Made in Canada doesn't mean
Did you ever wonder where your Nike sneakers or Gap sweater was made? Believe me, you don't want to know. But I did. So when my English class had a guest speaker, Mrs. Linda Ross, from Oxfam, I was all ears. After hearing what Mrs. Ross told us about the working conditions of some major companies such as Nike, Gap, Northern Reflections and Disney, I stopped complaining to my mother about having to clean my room and make my bed for an allowance of $10 a week.
These companies don't have one big factory in Toronto or Montreal where they safely and efficiently manufacture all their products, as you might think. What the heads of these companies do is find many different people (it doesn't matter from where) to send their materials to who will manufacture their products. It doesn't really matter what kinds of people they get to do the job. As long as you've got a factory and workers, you're in business. So, you've got workers, mostly women and children, who are happy to have any job and wouldn't quit no matter how you treated them. This means that the factory owners can, and do, treat them just about any way they want, with extremely low salaries, unreasonable hours, little or no health standards and infested work places. This is called sweatshop labour, and it's happening everywhere. How do they get away with it? Even though these people get paid approximately $1.10 a day, they can't quit or demand a raise for fear of being fired because it's the only money they have.
It is well-known that Nike, in particular, makes huge annual profits, and that celebrities are paid enormous amounts of money just to endorse these products. Workers are forced to work in 10-hour shifts with one-fifteen minute break to eat, use the washroom or relax. These employers know that, if one of their employees causes any trouble, they can fire them and easily find someone to do the job who is too desperate to complain. The scary thing is sweatshop labour isn't just happening in the poor countries. It's in Canada and the United States as well.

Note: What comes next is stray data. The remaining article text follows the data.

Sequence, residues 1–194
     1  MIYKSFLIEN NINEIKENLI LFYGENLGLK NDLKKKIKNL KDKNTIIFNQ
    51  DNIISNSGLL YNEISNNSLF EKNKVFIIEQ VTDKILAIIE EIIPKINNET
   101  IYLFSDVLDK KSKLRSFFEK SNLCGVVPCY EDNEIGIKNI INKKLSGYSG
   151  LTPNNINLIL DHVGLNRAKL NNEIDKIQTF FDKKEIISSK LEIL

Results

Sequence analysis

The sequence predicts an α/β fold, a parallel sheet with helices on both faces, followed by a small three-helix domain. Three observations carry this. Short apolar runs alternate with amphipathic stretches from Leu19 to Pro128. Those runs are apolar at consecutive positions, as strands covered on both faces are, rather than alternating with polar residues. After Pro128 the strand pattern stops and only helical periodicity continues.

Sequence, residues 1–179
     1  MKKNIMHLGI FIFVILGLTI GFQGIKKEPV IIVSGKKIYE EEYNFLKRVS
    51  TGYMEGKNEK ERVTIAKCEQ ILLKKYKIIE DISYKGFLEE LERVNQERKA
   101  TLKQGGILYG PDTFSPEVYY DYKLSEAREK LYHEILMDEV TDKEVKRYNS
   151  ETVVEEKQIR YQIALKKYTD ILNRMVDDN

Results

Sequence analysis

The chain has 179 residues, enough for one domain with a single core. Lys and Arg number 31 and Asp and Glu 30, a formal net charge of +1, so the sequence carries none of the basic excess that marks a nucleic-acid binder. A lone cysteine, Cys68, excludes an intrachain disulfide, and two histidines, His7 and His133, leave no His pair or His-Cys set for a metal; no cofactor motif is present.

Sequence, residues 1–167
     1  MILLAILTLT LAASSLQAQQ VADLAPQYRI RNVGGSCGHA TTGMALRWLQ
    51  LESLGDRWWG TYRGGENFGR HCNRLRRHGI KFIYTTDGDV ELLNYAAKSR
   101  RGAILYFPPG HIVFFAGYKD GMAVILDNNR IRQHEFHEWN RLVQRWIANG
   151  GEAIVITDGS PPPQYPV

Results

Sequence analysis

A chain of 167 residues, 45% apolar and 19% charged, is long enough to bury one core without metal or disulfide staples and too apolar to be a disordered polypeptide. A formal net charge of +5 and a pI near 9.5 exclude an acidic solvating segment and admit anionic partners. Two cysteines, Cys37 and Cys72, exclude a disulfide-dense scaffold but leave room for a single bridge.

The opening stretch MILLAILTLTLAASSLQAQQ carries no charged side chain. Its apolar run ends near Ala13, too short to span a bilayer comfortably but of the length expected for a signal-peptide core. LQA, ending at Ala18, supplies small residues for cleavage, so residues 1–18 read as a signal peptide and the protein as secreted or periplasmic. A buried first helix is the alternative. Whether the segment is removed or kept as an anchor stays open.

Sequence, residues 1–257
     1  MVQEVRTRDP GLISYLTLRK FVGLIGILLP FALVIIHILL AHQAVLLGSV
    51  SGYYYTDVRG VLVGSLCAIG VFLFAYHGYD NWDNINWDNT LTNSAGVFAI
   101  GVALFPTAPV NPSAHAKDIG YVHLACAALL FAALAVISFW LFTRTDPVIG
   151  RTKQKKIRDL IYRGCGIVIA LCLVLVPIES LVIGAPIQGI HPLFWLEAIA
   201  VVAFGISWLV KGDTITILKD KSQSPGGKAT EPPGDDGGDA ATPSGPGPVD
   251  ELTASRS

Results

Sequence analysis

What my class decided to do was to write a letter, whether to Nike or Gap or Woolworths (Northern Reflections, Northern Getaway, etc.), protesting their way of manufacturing clothes. Now, I'm smart enough to know that a major company like the ones listed above aren't about to clean up their act overnight because some junior high student like me decides to write a letter. But it may pay attention to close to 40 letters coming from my class. And, if my entire school of 550 students decided to write letters, then we'd get some attention. In the letters that my class sent to these companies, we suggested many things that Nike could do to help clean up its act. Some of my classmates suggested that, if a "code of conduct" were established, then they would be forced to treat their workers fairly. But, then again, Nike claims to inspect its factories. After a fair warning, of course. Some of us also said, that if these companies put less of their income towards endorsements, then the people who actually make the products would get paid fairly.
Hopefully, these companies will respond to our letters, understanding that we are the ones who wear Nike clothes. We are the ones shopping at the Gap. We have to let them know that their top consumers know what they're up to and that we want them to change.